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‘To what extent are women shackled by patriarchy in Shakespeare’s plays?’ (65%, 2008)

An image of the feedback sheet pertaining to Chris Larham's essay examining the extent to which women are shackled by patriarchy in Shakespeare's plays [65%, 2008].

In this essay I will examine the extent to which women are shackled by patriarchy in William Shakespeare’s ‘Twelfth Night’ and ‘The Merchant of Venice’. I will firstly apply Vladimir Propp’s tool of narrative analysis to ‘Twelfth Night’ in order to provide Structuralist evidence for the Feminist critique of this play propounded by Lisa Jardine. I will then extend Jardine’s contentions to ‘The Merchant of Venice’, using Propp’s narratological principles to highlight the various ways in which women are constrained by patriarchy in this play. The insights which arise from this methodology will be fully explored in the conclusion to this essay.[…]

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Posted in English Degree [Bachelor of Arts]

King Lear [William Shakespeare]: Essay Five [41 out of 50, 2001/2002]

Image of the second marked page of Chris Larham's essay on 'King Lear' (21 out of 25, 2001/2002).

Edmund’s first soliloquy, “Thou Nature art… for Bastards”, is worded using a verse form; a form suitable for conveying Edmund’s passionate, personal beliefs.

From the very beginning, it is clear that Edmund is a firm believer in the natural world, “Thou Nature art my Goddess”. He prefers the ‘every man for himself’ attitude of the natural world to conventional, less mercenary religions – he takes a pre-Darwinian “Survival of the fittest” view.[…]

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Posted in A Level English [A2]

King Lear [William Shakespeare]: Essay Four [19 out of 25, 2001/2002]

Image of the first marked page of Chris Larham's essay on 'King Lear' (19 out of 25, 2001/2002).

In saying “Do you mark that?”, Goneril uses an interrogative to convey the incredulity she feels at Lear’s outbursts. Her apparent astonishment suggests that she isn’t one to think deeply (in this case as to why Lear is acting in such a manner); she is emotional and only considers what’s best for her.[…]

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Posted in A Level English [A2]

King Lear [William Shakespeare]: Essay Three [35 out of 50, 2001/2002]

Image of the first marked page of Chris Larham's essay on King Lear (35 out of 50, 2001/2002).

The ‘Fool’ articulates his attempts to make Lear understand what Lear has done through the use of a light-hearted verse form. In fact, it could be argued that Fool talks in vers libre, a term which refers to “rhymes in which various metres, or various rhythms, are combined, or the ordinary rules of prosody disregarded.” This can be seen through his mixture of statements and rhymes in the same speech- coupled with his sudden changes in metres- for example, “I have used it nuncle, e’er since thou mad’st thy daughters thy mothers {an unrhyming declaration}… Then they for sudden joy did weep,/ And I for sorrow sung,/ That such a King should play bo-peep,/ And go the fools among {an ordered abab rhyme, with an 8/6/8/6 syllable structure}”. Upon closer inspection, it becomes apparent that much of his wisdom-filled homespun philosophy is conveyed through the use of such a seemingly meaningless, harmless form.[…]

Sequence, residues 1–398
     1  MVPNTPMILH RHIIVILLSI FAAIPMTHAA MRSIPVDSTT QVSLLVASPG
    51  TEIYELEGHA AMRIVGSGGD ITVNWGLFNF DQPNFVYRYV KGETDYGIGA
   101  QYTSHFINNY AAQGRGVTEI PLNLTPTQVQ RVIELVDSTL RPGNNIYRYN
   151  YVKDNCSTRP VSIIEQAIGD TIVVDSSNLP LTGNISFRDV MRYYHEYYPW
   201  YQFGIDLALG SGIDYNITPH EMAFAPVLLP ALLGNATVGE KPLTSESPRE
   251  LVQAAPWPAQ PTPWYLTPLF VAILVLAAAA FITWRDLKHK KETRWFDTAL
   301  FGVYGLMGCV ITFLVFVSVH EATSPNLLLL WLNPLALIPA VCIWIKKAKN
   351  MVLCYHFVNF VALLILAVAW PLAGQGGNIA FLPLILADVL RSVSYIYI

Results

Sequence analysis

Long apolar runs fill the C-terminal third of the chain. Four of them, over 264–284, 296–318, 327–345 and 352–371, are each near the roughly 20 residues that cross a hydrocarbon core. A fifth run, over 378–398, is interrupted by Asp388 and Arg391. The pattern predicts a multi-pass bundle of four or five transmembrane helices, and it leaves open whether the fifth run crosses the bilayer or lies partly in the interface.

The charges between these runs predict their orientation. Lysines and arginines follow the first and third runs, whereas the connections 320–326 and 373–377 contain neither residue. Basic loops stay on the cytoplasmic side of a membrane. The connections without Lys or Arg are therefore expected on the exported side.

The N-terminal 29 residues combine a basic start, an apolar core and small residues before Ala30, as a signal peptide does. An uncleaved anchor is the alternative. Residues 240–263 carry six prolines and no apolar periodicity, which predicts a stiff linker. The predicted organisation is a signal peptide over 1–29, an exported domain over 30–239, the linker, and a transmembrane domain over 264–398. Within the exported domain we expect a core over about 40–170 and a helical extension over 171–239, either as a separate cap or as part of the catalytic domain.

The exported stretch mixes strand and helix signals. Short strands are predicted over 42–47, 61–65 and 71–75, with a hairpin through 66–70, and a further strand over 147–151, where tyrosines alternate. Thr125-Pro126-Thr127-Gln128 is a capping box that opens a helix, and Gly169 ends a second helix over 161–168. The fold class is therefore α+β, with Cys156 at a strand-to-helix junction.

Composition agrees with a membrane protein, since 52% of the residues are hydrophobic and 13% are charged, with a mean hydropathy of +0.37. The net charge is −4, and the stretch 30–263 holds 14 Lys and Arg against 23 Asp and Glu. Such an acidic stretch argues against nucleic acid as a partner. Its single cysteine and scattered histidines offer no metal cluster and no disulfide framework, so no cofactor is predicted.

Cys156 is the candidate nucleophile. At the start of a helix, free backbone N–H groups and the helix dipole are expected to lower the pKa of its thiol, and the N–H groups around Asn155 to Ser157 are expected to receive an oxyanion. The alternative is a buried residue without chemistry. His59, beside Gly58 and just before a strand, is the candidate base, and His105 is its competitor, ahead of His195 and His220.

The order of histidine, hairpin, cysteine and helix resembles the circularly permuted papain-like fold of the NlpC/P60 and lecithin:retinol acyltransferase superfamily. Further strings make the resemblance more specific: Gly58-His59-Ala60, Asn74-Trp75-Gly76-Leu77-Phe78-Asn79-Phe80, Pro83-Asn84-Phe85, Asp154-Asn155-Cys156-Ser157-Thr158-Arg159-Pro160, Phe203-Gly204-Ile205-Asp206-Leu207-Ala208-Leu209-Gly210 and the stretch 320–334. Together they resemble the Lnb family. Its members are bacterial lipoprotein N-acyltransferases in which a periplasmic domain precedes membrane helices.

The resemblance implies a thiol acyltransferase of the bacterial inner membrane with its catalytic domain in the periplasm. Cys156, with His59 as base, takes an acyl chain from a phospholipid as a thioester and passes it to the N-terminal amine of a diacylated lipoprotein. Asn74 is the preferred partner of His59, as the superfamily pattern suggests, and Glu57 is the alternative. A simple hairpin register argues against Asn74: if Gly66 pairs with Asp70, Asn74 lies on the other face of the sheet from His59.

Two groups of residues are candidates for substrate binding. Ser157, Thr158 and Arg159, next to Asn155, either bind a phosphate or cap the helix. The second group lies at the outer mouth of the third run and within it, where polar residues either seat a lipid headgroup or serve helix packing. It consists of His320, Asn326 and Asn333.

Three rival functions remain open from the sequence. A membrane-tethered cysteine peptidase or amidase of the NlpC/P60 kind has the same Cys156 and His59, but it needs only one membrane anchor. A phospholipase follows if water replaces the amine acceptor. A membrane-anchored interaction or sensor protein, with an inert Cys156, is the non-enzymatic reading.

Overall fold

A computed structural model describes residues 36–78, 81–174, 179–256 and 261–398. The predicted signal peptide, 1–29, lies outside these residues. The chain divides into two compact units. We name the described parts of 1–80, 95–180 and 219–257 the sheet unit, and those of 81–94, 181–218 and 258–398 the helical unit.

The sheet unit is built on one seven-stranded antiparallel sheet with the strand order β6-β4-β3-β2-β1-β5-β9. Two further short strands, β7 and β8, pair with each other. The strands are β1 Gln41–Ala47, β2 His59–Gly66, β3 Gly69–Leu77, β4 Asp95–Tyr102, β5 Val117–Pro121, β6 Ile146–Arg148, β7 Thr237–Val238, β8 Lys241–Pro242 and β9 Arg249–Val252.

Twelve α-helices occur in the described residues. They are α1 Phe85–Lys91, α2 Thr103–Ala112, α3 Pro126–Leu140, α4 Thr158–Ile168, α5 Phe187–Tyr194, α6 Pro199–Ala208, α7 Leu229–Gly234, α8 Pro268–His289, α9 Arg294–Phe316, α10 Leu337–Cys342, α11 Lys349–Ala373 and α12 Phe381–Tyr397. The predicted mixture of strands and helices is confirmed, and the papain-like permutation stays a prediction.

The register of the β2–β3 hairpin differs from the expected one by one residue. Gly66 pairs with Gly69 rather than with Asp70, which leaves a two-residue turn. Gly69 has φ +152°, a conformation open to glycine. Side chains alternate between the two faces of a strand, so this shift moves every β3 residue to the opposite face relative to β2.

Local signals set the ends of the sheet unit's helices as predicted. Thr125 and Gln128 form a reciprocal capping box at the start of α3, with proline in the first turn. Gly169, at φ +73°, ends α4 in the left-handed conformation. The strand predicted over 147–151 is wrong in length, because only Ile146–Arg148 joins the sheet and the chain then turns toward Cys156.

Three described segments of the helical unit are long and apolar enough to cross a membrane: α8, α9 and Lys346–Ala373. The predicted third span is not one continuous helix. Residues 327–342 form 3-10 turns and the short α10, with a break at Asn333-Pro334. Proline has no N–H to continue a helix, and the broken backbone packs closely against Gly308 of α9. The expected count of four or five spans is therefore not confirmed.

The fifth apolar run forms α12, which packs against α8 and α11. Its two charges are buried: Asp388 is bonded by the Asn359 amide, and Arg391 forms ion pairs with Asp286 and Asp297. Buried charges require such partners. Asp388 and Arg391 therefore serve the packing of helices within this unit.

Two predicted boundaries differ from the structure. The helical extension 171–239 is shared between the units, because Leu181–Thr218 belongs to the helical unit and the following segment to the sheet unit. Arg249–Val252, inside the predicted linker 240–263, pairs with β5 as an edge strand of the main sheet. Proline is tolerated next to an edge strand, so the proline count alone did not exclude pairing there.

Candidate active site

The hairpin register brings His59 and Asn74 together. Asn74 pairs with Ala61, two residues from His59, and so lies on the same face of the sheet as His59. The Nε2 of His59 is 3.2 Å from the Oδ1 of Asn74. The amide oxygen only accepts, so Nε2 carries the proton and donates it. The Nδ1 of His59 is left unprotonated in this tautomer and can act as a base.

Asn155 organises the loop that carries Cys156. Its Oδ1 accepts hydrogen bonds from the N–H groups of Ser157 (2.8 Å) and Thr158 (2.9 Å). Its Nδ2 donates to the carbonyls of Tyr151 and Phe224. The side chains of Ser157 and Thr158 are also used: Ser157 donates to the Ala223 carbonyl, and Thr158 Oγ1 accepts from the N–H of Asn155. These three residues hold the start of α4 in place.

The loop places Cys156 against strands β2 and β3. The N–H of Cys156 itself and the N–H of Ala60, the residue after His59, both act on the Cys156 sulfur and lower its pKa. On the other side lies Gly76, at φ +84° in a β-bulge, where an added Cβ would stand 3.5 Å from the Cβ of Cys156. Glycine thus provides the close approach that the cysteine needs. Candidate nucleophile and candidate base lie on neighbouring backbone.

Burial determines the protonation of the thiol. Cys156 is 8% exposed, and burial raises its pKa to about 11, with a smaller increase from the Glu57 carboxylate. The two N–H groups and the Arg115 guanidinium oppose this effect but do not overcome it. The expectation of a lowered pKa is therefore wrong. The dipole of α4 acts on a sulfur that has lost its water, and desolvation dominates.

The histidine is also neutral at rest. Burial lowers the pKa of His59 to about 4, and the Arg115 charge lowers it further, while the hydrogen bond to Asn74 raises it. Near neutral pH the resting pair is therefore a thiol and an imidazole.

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Posted in A Level English [A2]

KING LEAR [William Shakespeare]: Essay One [‘B++’-grading, 2001/2002]

Image of the first feedback sheet critiquing Chris Larham's essay on King Lear (B++, 2001/2002).

The first sentence we hear from King Lear is, “Attend the Lords of France and Burgundy, Gloucester.” This expectant imperative sets the tone for his contribution to the following discourse, and hints at his strong feeling of self-importance. […]

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Posted in A Level English [A2]

Poetry Analysis: Essay Three [23 out of 25, 2000/2001]

Image of the fifth and final marked page of Chris Larham's poetry essay (23 out of 25, 2000/2001).

Throughout ‘To Virgins’, Robert Herrick employs an ‘abab’ rhyme scheme, coupled with an ‘8787’ syllable mix, in each of the four compact stanzas, to put forward his ‘while you’ve got it, flaunt it’ message. Versification is very ordered throughout the poem; Herrick knows what he wants to say, and the desired tone in which to say it – this assuredness in his own mind helps make the poem more persuasive. The stanzas are all one-sentence long, with a colon or a semi-colon joining the two contrasting parts after the opening two lines (the apparently limitless youthful opportunities in love and relationships/the aged loss of beauty and chances). Written from a third person perspective, ‘To Virgins’ comes across in a fun, playful ballad form that is reminiscent of youth. Such a free-flowing style makes the idea of losing one’s virginity seem trivial – not the massive, life-changing event that it is usually considered-and advised- to be. Herrick uses this style to good effect: in using it to convey his words of advice, the virgins will think that love and relationships are something to be enjoyed while youth is on their side; the ease with which the poem runs will encourage them to relax and enjoy themselves.[…]

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Posted in AS Level English [A1]